Appalachian Regional Healthcare, Inc. v. U.S. Nursing Corporation, No. 7:2014cv00122 - Document 368 (E.D. Ky. 2018)

Court Description: OPINION AND ORDER: 1) Appalachian Regional's motion 349 to alter judgment in this action to add prejudgment interest is GRANTED in part and DENIED in part as follows: a. the motion is GRANTED to extent that Appalachian Regional requests th at judgment be amended to add prejudgment interest of $470,760.96, which reflects prejudgment interest calculated at simple interest of 6 percent commencing on April 7, 2016 for the $2 million settlement payment to the Profitts and commenc ing on the later of February 21, 2011 or date of payment for defense costs incurred in the Profitt litigation; and b. motion is otherwise DENIED; and 2) Appalachian Regional's motion to recover attorney's fees 350 it incurred in this action is DENIED. Signed by Judge Karen K. Caldwell on 12/4/2018. (RCB)cc: COR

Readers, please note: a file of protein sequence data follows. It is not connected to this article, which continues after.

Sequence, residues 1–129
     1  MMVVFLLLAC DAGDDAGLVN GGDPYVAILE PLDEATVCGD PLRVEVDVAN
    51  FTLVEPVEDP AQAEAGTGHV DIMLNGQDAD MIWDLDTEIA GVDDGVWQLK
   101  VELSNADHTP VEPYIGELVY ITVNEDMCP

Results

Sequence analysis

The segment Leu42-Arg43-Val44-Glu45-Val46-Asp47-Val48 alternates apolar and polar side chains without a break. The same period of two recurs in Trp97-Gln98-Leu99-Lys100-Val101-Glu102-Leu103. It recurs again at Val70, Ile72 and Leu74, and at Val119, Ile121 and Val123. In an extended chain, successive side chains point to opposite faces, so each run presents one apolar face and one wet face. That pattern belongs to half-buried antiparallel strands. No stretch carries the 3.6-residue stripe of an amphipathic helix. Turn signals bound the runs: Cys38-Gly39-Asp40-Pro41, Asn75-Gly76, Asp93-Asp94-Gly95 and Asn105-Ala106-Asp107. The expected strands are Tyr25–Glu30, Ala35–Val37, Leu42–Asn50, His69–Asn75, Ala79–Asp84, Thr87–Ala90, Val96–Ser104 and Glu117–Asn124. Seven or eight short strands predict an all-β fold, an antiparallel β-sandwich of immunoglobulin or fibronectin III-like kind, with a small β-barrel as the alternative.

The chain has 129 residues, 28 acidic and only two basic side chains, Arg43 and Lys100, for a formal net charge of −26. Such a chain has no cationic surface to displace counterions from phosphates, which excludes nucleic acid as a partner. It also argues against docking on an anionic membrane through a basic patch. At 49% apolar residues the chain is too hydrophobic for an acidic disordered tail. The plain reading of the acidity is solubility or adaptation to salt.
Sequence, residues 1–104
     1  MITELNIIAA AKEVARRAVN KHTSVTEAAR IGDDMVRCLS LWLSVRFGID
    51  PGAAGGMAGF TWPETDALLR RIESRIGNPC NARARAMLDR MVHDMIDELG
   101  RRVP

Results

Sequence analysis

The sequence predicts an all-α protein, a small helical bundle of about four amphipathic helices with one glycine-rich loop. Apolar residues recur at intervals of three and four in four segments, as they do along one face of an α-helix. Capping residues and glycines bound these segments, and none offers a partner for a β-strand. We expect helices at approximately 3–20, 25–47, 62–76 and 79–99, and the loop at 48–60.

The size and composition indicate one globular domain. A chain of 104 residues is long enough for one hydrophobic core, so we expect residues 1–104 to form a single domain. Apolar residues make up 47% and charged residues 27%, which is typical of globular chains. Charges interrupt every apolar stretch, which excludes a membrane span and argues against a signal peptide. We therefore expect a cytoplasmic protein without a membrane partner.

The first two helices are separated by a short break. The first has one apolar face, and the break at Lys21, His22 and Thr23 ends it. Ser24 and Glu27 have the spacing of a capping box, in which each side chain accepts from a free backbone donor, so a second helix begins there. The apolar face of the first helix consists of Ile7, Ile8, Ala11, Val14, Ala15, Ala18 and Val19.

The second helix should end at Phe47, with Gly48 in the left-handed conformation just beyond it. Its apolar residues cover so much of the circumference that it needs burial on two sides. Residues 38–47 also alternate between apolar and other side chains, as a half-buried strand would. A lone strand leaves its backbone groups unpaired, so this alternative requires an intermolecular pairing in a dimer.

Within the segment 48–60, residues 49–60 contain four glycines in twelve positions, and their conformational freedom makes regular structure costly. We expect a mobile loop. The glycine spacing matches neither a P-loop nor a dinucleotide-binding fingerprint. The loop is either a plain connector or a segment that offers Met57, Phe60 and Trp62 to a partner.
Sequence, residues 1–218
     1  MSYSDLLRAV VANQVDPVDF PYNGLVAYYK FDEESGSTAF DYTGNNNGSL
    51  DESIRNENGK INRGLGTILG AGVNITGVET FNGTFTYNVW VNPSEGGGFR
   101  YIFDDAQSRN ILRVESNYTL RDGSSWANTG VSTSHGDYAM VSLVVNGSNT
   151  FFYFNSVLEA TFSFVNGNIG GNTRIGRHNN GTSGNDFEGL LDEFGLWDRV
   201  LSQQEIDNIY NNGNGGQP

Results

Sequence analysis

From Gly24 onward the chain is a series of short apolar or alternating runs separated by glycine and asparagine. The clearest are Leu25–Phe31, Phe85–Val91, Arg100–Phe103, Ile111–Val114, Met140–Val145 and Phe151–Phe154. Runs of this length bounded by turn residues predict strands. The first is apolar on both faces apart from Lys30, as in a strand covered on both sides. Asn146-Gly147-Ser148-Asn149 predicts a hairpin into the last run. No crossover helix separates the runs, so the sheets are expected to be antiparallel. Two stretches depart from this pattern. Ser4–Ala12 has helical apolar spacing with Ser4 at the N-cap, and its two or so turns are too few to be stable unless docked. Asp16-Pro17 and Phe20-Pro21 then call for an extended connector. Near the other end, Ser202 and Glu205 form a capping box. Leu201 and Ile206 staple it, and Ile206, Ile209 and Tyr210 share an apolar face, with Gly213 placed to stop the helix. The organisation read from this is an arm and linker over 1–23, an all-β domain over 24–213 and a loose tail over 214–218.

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Appalachian Regional Healthcare, Inc. v. U.S. Nursing Corporation Doc. 368 UNITED STATES DISTRICT COURT EASTERN DISTRICT OF KENTUCKY SOUTHERN DIVISION -- PIKEVILLE APPALACHIAN REGIONAL HEALTHCARE, INC., CIVIL ACTION NO. 7:14-122-KKC-EBA Plaintiff, V. OPINION AND ORDER U.S. NURSING CORPORATION, Defendant. This matter is before the Court on Appalachian Regional Healthcare, Inc.’s motion to alter the judgment in this action to add prejudgment interest (DE 349) and its motion for attorney’s fees (DE 350). Appalachian Regional Healthcare, Inc. provides medical services in Eastern Kentucky, including at its hospital located in Whitesburg, Kentucky. U.S. Nursing Corporation is a staffing agency that provided nurses to Appalachian Regional on a temporary basis when Appalachian Regional was short-staffed. The staffing agreement between the parties required U.S. Nursing to indemnify Appalachian Regional from "any and all liability or damage that arises from . . . the negligent or intentional act or omission" of U.S. Nursing or its employees. (DE 52-1, Staffing Agreement,§ D(15)). A patient at the Whitesburg facility, Ralph Profitt, and his wife asserted a claim in Kentucky state court against Appalachian Regional and U.S. Nursing, alleging that he was injured while he was a patient. Appalachian Regional incurred legal fees and costs of $823,522.71 in defending the claim and ultimately paid the Profitts $2 million to settle it. U.S. Nursing refused to indemnify Appalachian Regional for those amounts, Dockets.Justia.com which caused Appalachian Regional to bring a claim against U.S. Nursing in this Court for breach of the indemnification provision of the staffing agreement. After a trial, a jury found that a U.S. Nursing employee – Nurse Constance Foote – was negligent in performing certain acts in treating Profitt, meaning that U.S. Nursing’s indemnification obligations were triggered. In a second phase of the trial, the jury determined that Nurse Foote’s negligent acts caused Appalachian Regional to spend sums to settle and defend the Profitts’ claims against it. The jury further determined that the $2 million that Appalachian Regional paid to settle the Profitts’ claims was reasonable and that the $823,522.71 Appalachian Regional paid in attorney’s fees and costs to defend the Profitts’ claims against it was reasonable. The Court then entered a judgment (DE 338) ordering that Appalachian Regional was entitled to recover from U.S. Nursing Corporation a total of $2,823,522.71. With the first motion now under consideration, Appalachian Regional asks the Court to alter the judgment to include an award of pre-judgment interest. In a diversity case, state law governs awards of prejudgment interest. Jack Henry & Associates, Inc. v. BSC, Inc., 487 F. App'x 246, 260 (6th Cir. 2012) (internal quotation marks omitted) (quoting Estate of Riddle v. S. Farm Bureau Life Ins. Co., 421 F.3d 400, 409 (6th Cir.2005)). The “longstanding rule” in Kentucky “is that prejudgment interest is awarded as a matter of right on a liquidated demand, and is a matter within the discretion of the trial court or jury on unliquidated demands.” 3D Enterprises Contracting Corp. v. Louisville and Jefferson County Metropolitan Sewer Dist., 174 S.W.3d 440, 450 (Ky. 2005) (citing Nucor Corp. v. General Electric Co., 812 S.W.2d 136, 141 (Ky. 1991)). “Precisely when the amount involved qualifies as ‘liquidated’ is not always clear, but in general ‘liquidated’ 2 means ‘made certain or fixed by agreement of parties or by operation of law. Common examples are a bill or note past due, an amount due on an open account, or an unpaid fixed contract price.’” Nucor Corp., 812 S.W.2d at 141 (quotations and citation omitted). In determining whether a claim is liquidated or unliquidated, “one must look at the nature of the underlying claim, not the final award.” 3D Enterprises, 174 S.W.3d at 450. “Liquidated claims are ‘of such a nature that the amount is capable of ascertainment by mere computation, can be established with reasonable certainty, can be ascertained in accordance with fixed rules of evidence and known standards of value, or can be determined by reference to well-established market values.’” Id. (quoting 22 Am.Jur.2d Damages § 469 (2004)). In contrast, an unliquidated damages claim is one that has “not been determined or calculated” and “not yet reduced to a certainty in respect to amount.” Ford Contracting, Inc. v. Kentucky Transp. Cabinet, 429 S.W.3d 397, 414 (Ky. Ct. App. 2014) (quoting Nucor Corp., 812 S.W.2d at 141). Judgment was entered in Appalachian Regional’s favor on its claim that U.S. Nursing breached the staffing agreement by failing to indemnify it for the costs it incurred in defending and settling the Profitt litigation. The amount that Appalachian Regional paid to settle the Profitts’ claim and the attorney’s fees it incurred in that action were fixed and ascertainable on April 1, 2016, the date of the settlement. Judge Amul Thapar (who originally presided over this case), however, ruled that Appalachian Regional must prove its defense and settlement costs were reasonable (DE 77, Opinion at 7.) In other words, Appalachian Regional’s claim was for the reasonable amounts it expended to defend and settle the Profitts’ claims. 3 In support of its motion for prejudgment interest, Appalachian Regional cites several cases in other jurisdictions holding that a claim may be deemed liquidated even where the jury must determine the reasonableness of the damages. Numerous cases also hold the opposite. For example, Appalachian Regional cites the Tenth Circuit’s decision in Neustrom v. Union Pac. F. Co., 156 F.3d 1057 (10th Cir. 1998) in which the court rejected under Kansas law an argument that a claim was not liquidated until the court determined the reasonableness of the settlement. More recently, however, the Tenth Circuit held that, under Oklahoma law, attorney fees are “subject to a reasonableness determination by the fact finder” and, thus, “are not liquidated as required under Oklahoma law for an award of prejudgment interest.” Yousuf v. Cohlmia, 741 F.3d 31, 48 (10th Cir. 2014). See also Flood Control Dist. of Maricopa Cty. v. Paloma Inv. Ltd. P'ship, 279 P.3d 1191, 1211 (Ariz. Ct. App. 2012) (stating “attorneys’ fees spent defending the underlying litigation are not liquidated and subject to prejudgment interest because they are subject to a reasonableness determination by the trial court.”); Pierce Couch Hendrickson Baysinger & Green v. Freede, 936 P.2d 906, 914 (Okla. 1987) (“[T]he expenses in the present case were subject to the fact-finders determination of reasonableness. Thus, they were not liquidated and not subject to prejudgment interest.”); Tri-M Erectors, Inc. v. Donald M. Drake Co., 618 P.2d 1341, 1346 (Wash. Ct. App. 1980) (“A claim is unliquidated if the principal must be arrived at by a determination of reasonableness.”). While cases from other jurisdictions are instructive, ultimately this Court must predict whether Kentucky courts would find Appalachian Regional’s claims to be liquidated. Hines v. Joy Mfg. Co., 850 F.2d 1146, 1150 (6th Cir. 1988). Because U.S. Nursing disputed the reasonableness of the amounts Appalachian Regional paid to settle 4 and defend the Profitts’ claim, Kentucky courts would likely find Appalachian Regional’s claims not liquidated. “When the amount of a claim can be ascertained readily by reference to a formula in the contract and none of the facts is in dispute or when the amount of the claim itself is not disputed, the claim is liquidated.” Bituminous Cas. Corp. v. Lynn, 503 F.2d 636, 646 (6th Cir. 1974) (applying Kentucky law). “Interest should not be required except for a claim which is for a liquidated amount, and which is not disputed in good faith.” Wittmer v. Jones, 864 S.W.2d 885, 891 (Ky. 1993) (emphasis added). “Damages are deemed certain or capable of being made certain where there is essentially no dispute between the parties concerning the basis of computation of damages and where the parties' dispute centers on the issue of liability giving rise to damage.” 22 Am. Jur. 2d Damages § 479. “A claim is ‘unliquidated’ for prejudgment interest purposes, where the exact amount of the sum to be allowed cannot be definitely fixed from the facts proved, disputed or undisputed, but must in the last analysis depend upon the opinion or discretion of the judge or jury as to whether a larger or a smaller amount should be allowed.” 22 Am. Jur. 2d Damages § 480. “In general, ‘[d]amages that were established by proof offered during the trial are unliquidated and not subject to prejudgment interest.’” Osborn v. Griffin, 865 F.3d 417, 456 (6th Cir. 2017) (quoting Ford Contracting, Inc., 429 S.W.3d at 414). “[I]f damages are both undisputed and liquidated, prejudgment interest is payable as a matter of law. However, if the damages are either disputed or unliquidated, or both, then the decision as to whether prejudgment interest is due is left to the sound discretion of the trial court.” Barnett v. Hamilton Mut. Ins. Co. of Cincinnati, Ohio, No. 5 2009-CA-002234-MR, 2011 WL 43307, at *3–4 (Ky. Ct. App. Jan. 7, 2011) (citing Nucor Corp, 174 S.W.3d 440; 3D Enterprises Contracting Corp., 174 S.W.3d 440)). The amounts that U.S. Nursing owed Appalachian Regional could not be known until a jury determined the sums that were reasonable. This was a matter that depended upon the opinion and discretion of the jury. The fact that the jury ultimately awarded Appalachian Regional the total amount it sought on its claims is not relevant in determining whether those claims were liquidated or not. “[T]he fact that it is ultimately determined that a party is owed damages ‘should not be construed as confirmation that the original claim was liquidated.’” Barnett, 2011 WL 43307, at *3–4 (quoting 3D Enterprises, 174 S.W.3d at 450). See also Prosoft Automation, Inc. v. Logan Aluminum, Inc., No. 1:03CV142-R, 2006 WL 1228773, at *1–2 (W.D. Ky. Apr. 28, 2006) (“Therefore, although the jury ultimately awarded Prosoft the full amount requested [in engineering fees] as compensation for those hours, they were not reduced to a certainty in amount prior to trial. There was a legitimate dispute as to the necessity and amount of those hours. Therefore, they are ‘unliquidated’ damages. . . .”) Thus, under Kentucky law, Appalachian Regional’s claims for breach of its indemnification obligations are not liquidated claims. “When the amount [of damages] is ‘unliquidated,’ the amount of prejudgment interest, if any, is a matter for the trial court weighing the equitable considerations.” University of Louisville v. RAM Engineering & Const., Inc., 199 S.W.3d 746, 748 (Ky.App.2005). Considering the totality of the circumstances, the Court finds that awarding prejudgment interest is appropriate in this case. “As a general matter, prejudgment interest is intended to make the plaintiff whole; it is an element of complete compensation.” In re ClassicStar Mare Lease Litig., 6 727 F.3d 473, 494–95 (6th Cir. 2013) (internal quotation and citations omitted). Appalachian Regional’s claims against U.S. Nursing were based on U.S. Nursing’s broad agreement to indemnify it for any damage Appalachian Regional may suffer arising from the negligence of any U.S. Nursing employee. The purpose of such an agreement is to ensure that the indemnitee will suffer no loss caused by the indemnitor’s actions. Appalachian Regional lost funds as a result of Nurse Foote’s negligence. It is just to award Appalachian Regional the interest that would have accrued on those sums. “It is well-accepted that a federal court sitting in diversity should use the statelaw interest rate when awarding prejudgment interest.” Id. at 497. Under Kentucky law, “[p]rejudgment interest is limited to the legal rate, found in KRS 360.010, of 8%.” Fields v. Fields, 58 S.W.3d 464, 467 (Ky. 2001). “The trial court may award prejudgment interest at any rate up to 8%.” Id. The Kentucky statute pertaining to post-judgment interest, KRS 360.040, provides that a judgment must award interest at six percent. KRS 360.040(1). Reliable Mech., Inc. v. Naylor Indus. Servs., Inc., 125 S.W.3d 856, 857 (Ky. Ct. App. 2003) This is also an appropriate rate for this award of pre-judgment interest. Pre-judgment interest “has traditionally been simple interest.” Id. at 858. The Court does not find anything about this case that warrants deviating from that tradition. For the $2 million settlement payment, prejudgment interest should run from April 7, 2016, the date that Appalachian Regional made the payment. As to the date that prejudgment interest should commence for the defense costs, Appalachian Regional argues that the date should be the later of February 21, 2011 (the date that Appalachian Regional demanded that U.S. Nursing honor its defense and indemnification obligations) or the date the expenses were actually paid by Appalachian Regional. With its motion, 7 Appalachian Regional has submitted a calculation of the prejudgment interest owed it at a simple, non-compounded interest rate of 6 percent commencing on these dates. (DE 349-10, Calculation.) U.S. Nursing has not objected to the calculation or to the dates that pre-judgment interest should commence. Accordingly, the Court will alter the judgment to award Appalachian Regional pre-judgment interest of $470,760.96. As to Appalachian Regional’s request to recover the attorney’s fees it incurred in this indemnification action, this request will be denied. The only argument that Appalachian Regional presents in support of this request is that it is entitled to recover its attorney’s fees under the indemnification provision. Appalachian Regional argues that the indemnification provision required U.S. Nursing to indemnify it “‘from any and all liability or damages that arises from’ the negligent act or omission of a [U.S. Nursing] nurse.” (DE 350-2, Mem. at 1, 10; DE 364, Reply at 1.) Appalachian Regional argues that this is a “broad indemnity provision under which [U.S. Nursing] agreed to indemnify and hold harmless [Appalachian Regional] from ‘any and all’ damage that ‘arises from’ the negligent act of a [U.S. Nursing] employee.” (DE 364, Reply at 4.) Appalachian Regional argues that “but for Nurse Foote’s negligence, [Appalachian Regional] would not have had to sue [U.S. Nursing] to enforce its defense and indemnity obligations.” (DE 350-2, Mem. at 11.) Thus, the issue as framed by Appalachian Regional is whether the attorney’s fees it incurred in this action “arose from” Nurse Foote’s negligent actions in treating Profitt. In a prior opinion, Judge Thapar pointed out that the parties agreed that the phrase “arises from” means “proximate cause.” (DE 77, Order at 8.) No party ever disputed that finding. “[U]nder Kentucky law, causation or proximate cause is defined by the substantial factor test: was the defendant's conduct a substantial factor in bringing 8 about plaintiff's harm?” Morales v. Am. Honda Motor Co., 71 F.3d 531, 537 (6th Cir. 1995). The attorney’s fees and litigation costs Appalachian Regional incurred in defending the Profitt negligence claim certainly “arose from” the negligence of a U.S. Nursing employee. With this motion, however, U.S. Nursing does not seek the attorney’s fees arising from the negligence of a U.S. Nursing employee. It seeks the attorney’s fees it incurred as a result of U.S. Nursing’s breach of its indemnification obligations. Appalachian Regional argues that Nurse Foote’s actions were a “but for” cause of Appalachian Regional’s attorney’s fees in this action. (DE 350-2, Mem. at 11-14.) The socalled “but for test” is, however, only one aspect of proximate causation. See Trail-Likoy v. Saint Joseph Healthcare, Inc., No. 2005-CA-000658-MR, 2006 WL 2193496, at *2 (Ky. Ct. App. Aug. 4, 2006). To be deemed a “proximate cause” of an injury, an event must also be a “substantial factor” in causing the injury. Id. “A defendant is not liable when the original negligence is remote and only furnishes the occasion of the injury.” Id. For an event to be deemed a “substantial factor” in an injury, the injury must “flow directly from the event.” Deutsch v. Shein, 597 S.W.2d 141, 145 (Ky. 1980), abrogated on other grounds by Osborne v. Keeney, 399 S.W.3d 1 (Ky. 2012). Nurse Foote’s negligence was not a substantial factor in the legal fees that Appalachian Regional incurred in this action. Appalachian Regional’s attorney’s fees in this action did not flow directly from Nurse Foote’s negligent acts. The factor that directly caused U.S. Nursing to incur legal fees in this action was U.S. Nursing’s breach of the indemnification agreement. Id. That breach was not a foreseeable result of Nurse Foote’s acts. Trail-Likoy v. Saint Joseph Healthcare, Inc., No. 2005-CA-000658-MR, 2006 WL 2193496, at *2. 9 Accordingly, the Court hereby ORDERS as follows: 1) Appalachian Regional’s motion (DE 349) to alter the judgment in this action to add prejudgment interest is GRANTED in part and DENIED in part as follows: a. the motion is GRANTED to the extent that Appalachian Regional requests that the judgment be amended to add prejudgment interest of $470,760.96, which reflects prejudgment interest calculated at the simple interest of 6 percent commencing on April 7, 2016 for the $2 million settlement payment to the Profitts and commencing on the later of February 21, 2011 or the date of payment for the defense costs incurred in the Profitt litigation; and b. the motion is otherwise DENIED; and 2) Appalachian Regional’s motion to recover the attorney’s fees (DE 350) it incurred in this action is DENIED. Dated December 4, 2018. 10